A small number of people struggle with persistent fears that they're gay. But they're not closeted — instead, they have a form of OCD.
Time's Jeffrey Kluger tells the story of Bethany, who struggled with the condition:
Fifth grade was the year Bethany started to notice boys — and to wonder if she was noticing them quite enough. The girls she knew were already swooning over Kirk Cameron, Michael J. Fox and other teen heartthrobs of the day. She was swooning too, she guessed, but in the same way her friends were? And what about when it came time to kiss a real boy in her own world? Would she want to?
Kluger explains that while questions like this sometimes do lead people to discover that they're gay, Bethany felt "instinctively" that she was straight. He writes, "Her anxiety grew from an increasingly common form of obsessive-compulsive disorder (OCD) in which people who may have no moral or cultural qualms about homosexuality suddenly begin despairing of the possibility of ever knowing with blood-test certainty just what their sexuality is." Bethany's instinct that she was attracted to men didn't stop her from worrying about her sexuality for 20 years, until she finally found a website that described her symptoms, and entered cognitive-behavioral therapy.
Bethany's story and other accounts of homosexuality OCD (HOCD) are potentially controversial for lots of reasons. For one thing, some people do experience prolonged denial over their sexuality, often because they get the message from their families and from the culture at large that being gay is unacceptable. Also, so-called "reparative" therapy that claims to "cure" homosexuality is immoral and harmful — and until all too recently, homosexuality itself was erroneously classed as a mental disorder by the DSM. Understandably, this might make a lot of people leery of therapy that talks someone out of the idea of being gay.
But that's not really what Bethany's treatment did. Instead, it focused on acceptance:
Bethany overcame her obsessive-compulsive anxiety about her sexuality by first looking at pictures of sexy actresses and trying to notice feelings of actual arousal. If she thought she felt something (and after years of self-scrutiny, that was all but certain), she tried to accept — and shrug at — the questions it raised. Next she began going to movies about lesbian couples, like The Kids Are All Right, and reading magazine stories about women who discovered their homosexuality later in life — accepting the possibility that their story could be hers.
By accepting that it would be fine if she were gay, Bethany was able to quiet her fears. And when the fears were gone, she discovered she wasn't really attracted to women. Obviously accepting one's sexuality is important no matter what that sexuality turns out to be, and being gay shouldn't be something people have to worry about. But even if we were to eliminate all homophobic bullying (a goal that currently seems sadly far-off), some people with OCD might still fear being gay. Kluger writes, "Uncertainty is the fuel for OCD, and the harder a sufferer tries to answer the unanswerable, the hotter the obsessional bonfire burns" — so the feeling that they couldn't be sure about their sexual orientation might plague some OCD patients even if we lived in a non-homophobic society.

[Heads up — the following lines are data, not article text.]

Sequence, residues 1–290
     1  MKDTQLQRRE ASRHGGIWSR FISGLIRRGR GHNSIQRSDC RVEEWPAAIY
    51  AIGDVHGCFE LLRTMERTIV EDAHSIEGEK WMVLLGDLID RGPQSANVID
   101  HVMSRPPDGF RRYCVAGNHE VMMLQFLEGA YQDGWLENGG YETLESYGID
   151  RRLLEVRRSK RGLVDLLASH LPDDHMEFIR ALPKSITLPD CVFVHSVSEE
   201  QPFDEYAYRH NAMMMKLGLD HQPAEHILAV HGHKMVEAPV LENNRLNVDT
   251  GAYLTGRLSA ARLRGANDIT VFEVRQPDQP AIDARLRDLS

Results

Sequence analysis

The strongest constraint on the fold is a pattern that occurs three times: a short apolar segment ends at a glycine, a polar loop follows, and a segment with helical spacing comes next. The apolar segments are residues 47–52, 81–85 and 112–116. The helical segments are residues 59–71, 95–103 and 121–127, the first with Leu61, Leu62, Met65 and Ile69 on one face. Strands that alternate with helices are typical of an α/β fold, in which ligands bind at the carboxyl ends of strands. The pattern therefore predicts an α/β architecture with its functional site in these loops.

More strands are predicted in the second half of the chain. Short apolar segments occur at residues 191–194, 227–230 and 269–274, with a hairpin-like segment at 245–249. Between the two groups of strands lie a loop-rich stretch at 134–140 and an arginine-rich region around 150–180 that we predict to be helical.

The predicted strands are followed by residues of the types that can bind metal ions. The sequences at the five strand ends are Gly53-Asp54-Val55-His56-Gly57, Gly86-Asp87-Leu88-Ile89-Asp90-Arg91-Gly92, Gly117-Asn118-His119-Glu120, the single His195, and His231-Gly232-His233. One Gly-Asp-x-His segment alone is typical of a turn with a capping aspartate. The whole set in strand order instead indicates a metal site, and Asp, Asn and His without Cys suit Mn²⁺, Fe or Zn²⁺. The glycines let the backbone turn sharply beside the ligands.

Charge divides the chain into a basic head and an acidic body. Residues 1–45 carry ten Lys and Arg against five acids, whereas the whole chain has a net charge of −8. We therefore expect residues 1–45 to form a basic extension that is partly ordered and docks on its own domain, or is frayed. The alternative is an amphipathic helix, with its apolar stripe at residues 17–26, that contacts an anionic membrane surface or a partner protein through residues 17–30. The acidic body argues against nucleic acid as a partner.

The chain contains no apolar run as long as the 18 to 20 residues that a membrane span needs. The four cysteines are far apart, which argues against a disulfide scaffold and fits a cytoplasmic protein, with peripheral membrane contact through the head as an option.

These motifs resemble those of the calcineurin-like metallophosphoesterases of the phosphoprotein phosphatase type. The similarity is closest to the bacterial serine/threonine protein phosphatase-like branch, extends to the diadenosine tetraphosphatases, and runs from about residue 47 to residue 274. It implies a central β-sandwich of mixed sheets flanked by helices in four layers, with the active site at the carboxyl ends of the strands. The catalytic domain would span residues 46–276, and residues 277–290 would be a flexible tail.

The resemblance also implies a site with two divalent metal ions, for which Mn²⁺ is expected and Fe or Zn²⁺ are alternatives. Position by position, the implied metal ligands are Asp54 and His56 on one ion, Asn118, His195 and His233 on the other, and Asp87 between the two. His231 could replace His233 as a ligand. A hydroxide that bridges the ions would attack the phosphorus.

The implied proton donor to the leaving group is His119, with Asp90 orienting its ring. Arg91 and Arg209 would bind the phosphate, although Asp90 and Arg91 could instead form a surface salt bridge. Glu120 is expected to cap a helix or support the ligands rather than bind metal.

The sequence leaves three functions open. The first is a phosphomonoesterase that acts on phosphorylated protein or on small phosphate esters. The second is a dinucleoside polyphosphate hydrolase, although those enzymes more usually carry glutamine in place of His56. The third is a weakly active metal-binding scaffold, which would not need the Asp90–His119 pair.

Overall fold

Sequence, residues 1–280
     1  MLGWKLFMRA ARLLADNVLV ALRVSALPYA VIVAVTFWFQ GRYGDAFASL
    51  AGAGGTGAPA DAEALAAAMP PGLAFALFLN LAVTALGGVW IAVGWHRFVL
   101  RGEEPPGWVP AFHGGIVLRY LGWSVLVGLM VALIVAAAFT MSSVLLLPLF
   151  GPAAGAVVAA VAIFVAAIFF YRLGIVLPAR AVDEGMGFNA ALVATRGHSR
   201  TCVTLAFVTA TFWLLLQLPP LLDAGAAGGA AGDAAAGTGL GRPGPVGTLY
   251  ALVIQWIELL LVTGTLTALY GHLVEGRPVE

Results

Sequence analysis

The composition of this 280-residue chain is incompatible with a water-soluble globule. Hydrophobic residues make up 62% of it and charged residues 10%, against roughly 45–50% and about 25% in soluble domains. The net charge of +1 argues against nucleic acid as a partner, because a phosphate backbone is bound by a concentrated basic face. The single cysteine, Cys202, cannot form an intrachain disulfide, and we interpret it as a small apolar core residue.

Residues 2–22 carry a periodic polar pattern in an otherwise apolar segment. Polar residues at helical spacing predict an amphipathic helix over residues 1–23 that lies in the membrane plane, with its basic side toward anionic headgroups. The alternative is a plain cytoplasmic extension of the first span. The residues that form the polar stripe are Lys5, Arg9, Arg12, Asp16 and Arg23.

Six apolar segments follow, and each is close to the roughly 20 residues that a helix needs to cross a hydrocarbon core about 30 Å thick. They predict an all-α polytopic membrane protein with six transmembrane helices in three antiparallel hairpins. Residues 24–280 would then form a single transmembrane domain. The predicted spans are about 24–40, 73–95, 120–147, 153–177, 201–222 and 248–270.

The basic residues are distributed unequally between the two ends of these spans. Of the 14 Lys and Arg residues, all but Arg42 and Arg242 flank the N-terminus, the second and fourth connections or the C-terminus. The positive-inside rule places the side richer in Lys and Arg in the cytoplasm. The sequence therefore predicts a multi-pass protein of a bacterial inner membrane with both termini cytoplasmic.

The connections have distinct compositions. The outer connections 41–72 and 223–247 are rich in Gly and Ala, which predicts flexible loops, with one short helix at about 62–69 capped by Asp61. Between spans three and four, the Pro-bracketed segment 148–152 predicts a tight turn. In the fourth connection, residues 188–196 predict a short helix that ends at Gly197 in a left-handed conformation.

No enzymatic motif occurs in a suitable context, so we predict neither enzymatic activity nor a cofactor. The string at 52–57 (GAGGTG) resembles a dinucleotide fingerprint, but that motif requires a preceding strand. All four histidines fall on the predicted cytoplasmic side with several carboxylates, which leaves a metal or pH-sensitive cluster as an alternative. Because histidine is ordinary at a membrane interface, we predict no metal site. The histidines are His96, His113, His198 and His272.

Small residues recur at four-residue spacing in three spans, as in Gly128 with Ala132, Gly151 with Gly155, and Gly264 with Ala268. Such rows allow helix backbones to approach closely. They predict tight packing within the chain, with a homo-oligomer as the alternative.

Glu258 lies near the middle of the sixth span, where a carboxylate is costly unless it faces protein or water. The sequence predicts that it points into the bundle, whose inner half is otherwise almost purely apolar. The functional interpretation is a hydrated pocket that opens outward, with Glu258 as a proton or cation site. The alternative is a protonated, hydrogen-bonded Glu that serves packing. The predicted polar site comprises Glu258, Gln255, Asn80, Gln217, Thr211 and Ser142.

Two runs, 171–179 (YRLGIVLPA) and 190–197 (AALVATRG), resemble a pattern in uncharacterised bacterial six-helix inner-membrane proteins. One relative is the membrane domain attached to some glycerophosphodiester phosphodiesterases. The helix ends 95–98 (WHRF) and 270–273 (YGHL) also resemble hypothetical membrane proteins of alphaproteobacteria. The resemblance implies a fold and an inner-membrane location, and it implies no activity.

Writing at BrainPhysics.com, Mark — who is gay and has OCD, but does not have fears about his sexuality — explains how he found out about HOCD:
Searching under OCD and gay, I discovered the old BrainPhysics discussion board and decided to post. I thought I was joining a board full of gay people with OCD. Only ten minutes after I had started reading the most recent posts, however, I realized that something was wrong: The folks with gay fears were clearly not gay. It took another five minutes for me to figure out what HOCD was and why so many people had gay obsessions. "Well, duh!" I thought. "This is an OCD board. Of course they have false obsessions."
He goes on to offer an explanation for how OCD might make someone doubt his or her sexual orientation:
Before my own OCD was treated, I had suffered for years with obsessions about natural disasters, religion, my health, and being rejected. What I saw in the HOCD obsessions mirrored the anxiety, checking, illogical thinking, and broken record quality of everything I had experienced. HOCD felt real to its sufferers just as my own obsessions had felt real to me. Again, duh! OCD always feels real. If it did not, it would not be OCD. It plays with your mind, making you believe lies and doubt truth.
Ultimately, treating HOCD isn't about making value judgments about sexuality — or "turning" someone straight, as reparative therapy falsely claims to do. Instead, it's about helping people separate their obsessional thoughts from reality. Learning to do this can help OCD patients lead a happier life, no matter what their orientation turns out to be.
Keeping Young Minds Healthy [Time]
I'm Gay And You're Not: Understanding Homosexuality Fears [BrainPhysics.com]
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